That last reminder was very helpful 2 days later (and 2 days before Christmas), when I got a call at work, telling me our daughter and 6 month old granddaughter had influenza, despite having gotten flu shots! (CDC says the shots don’t cover every strain, and they got one it didn’t, of course!) Our daughter and son-in-law wanted us to take the 2 older children (who were not sick), and have them stay with us from that day, through Christmas and for several days after.

“Be still and know that I am God.” These words ran through my mind repeatedly as I spoke to my husband, working out first if we could do it. Then, when we decided we could, we discussed the logistics of my work schedule and transportation needs, all now more complicated by the presence in our house of 2 girls, ages 4 and 6, for a few unexpected days.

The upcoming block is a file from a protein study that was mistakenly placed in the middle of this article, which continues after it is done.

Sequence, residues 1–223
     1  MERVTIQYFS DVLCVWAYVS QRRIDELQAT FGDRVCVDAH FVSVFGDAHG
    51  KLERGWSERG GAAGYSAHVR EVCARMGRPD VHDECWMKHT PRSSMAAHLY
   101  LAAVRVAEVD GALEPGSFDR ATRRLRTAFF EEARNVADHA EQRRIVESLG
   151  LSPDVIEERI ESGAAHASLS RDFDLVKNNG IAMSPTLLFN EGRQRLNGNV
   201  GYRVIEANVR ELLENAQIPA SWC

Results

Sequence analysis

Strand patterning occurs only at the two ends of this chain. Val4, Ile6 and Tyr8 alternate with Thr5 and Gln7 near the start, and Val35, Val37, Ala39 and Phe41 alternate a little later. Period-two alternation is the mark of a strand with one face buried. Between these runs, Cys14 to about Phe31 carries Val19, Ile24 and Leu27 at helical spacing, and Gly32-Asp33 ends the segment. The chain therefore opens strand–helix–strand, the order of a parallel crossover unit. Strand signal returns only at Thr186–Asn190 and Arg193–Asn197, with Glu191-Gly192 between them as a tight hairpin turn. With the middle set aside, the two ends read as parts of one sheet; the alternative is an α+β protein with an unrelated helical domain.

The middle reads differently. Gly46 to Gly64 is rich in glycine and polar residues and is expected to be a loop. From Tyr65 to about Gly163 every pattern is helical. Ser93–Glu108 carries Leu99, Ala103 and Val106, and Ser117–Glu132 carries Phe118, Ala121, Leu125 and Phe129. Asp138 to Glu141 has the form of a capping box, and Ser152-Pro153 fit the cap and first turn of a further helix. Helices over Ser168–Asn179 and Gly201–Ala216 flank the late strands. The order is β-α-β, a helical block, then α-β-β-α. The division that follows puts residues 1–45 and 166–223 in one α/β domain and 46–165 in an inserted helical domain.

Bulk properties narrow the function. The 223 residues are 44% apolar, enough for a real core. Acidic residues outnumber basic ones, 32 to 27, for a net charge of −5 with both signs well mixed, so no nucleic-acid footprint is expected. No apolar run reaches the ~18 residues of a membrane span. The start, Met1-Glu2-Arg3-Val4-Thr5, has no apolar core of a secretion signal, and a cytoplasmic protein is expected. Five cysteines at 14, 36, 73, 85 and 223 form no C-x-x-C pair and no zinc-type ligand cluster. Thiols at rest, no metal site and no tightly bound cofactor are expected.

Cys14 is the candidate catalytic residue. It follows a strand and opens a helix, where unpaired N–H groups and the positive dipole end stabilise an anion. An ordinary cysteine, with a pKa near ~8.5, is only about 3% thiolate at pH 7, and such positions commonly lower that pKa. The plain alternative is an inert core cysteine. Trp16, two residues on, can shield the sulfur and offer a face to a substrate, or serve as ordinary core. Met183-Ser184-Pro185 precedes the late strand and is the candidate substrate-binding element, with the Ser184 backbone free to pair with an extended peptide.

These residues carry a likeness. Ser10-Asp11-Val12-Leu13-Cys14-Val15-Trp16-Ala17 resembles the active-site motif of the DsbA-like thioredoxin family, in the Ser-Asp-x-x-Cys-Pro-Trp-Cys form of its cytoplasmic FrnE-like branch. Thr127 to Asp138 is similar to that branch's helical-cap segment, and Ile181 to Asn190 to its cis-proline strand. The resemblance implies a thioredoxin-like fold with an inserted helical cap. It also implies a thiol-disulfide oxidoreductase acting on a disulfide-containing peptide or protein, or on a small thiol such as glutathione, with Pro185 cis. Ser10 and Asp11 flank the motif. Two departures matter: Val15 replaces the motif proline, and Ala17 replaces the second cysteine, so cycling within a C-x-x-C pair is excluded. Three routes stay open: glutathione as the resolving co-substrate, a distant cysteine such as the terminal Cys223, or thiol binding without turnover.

“Be still and know that I am God.” Stuff I’d planned and we “always” do didn’t get done. Our daughter didn’t get the cheesecake baked before she got sick. Since small granddaughters prefer Christmas cookies to cheesecake, we were okay with that. My husband and son decorated the tree with the help of 2 small girls. As long as my delicate, breakable ornaments were put high by one of the men, I didn’t care what it looked like.

“Be still and know that I am God.”  The 4 year old and I started having coughing fits on Christmas Eve. I suspected exposure to my daughter (for me, prior to her showing symptoms on Sunday) was the culprit. Instead of the “perfect” family Christmas, we had one that was a different and not so perfect kind of family Christmas. We were missing Mom, and almost 1/2 of us were ill. But in its own way, it was perfect, because those ancient words prompted me to remember Christmas is perfect when we are with people we love and we have invited God and His presence and peace to be in our midst.

“Be still and know that I am God.” I pray your holiday season will be filled with the gentle stillness of God’s loving presence and at least some of the people you love.

Merry Christmas!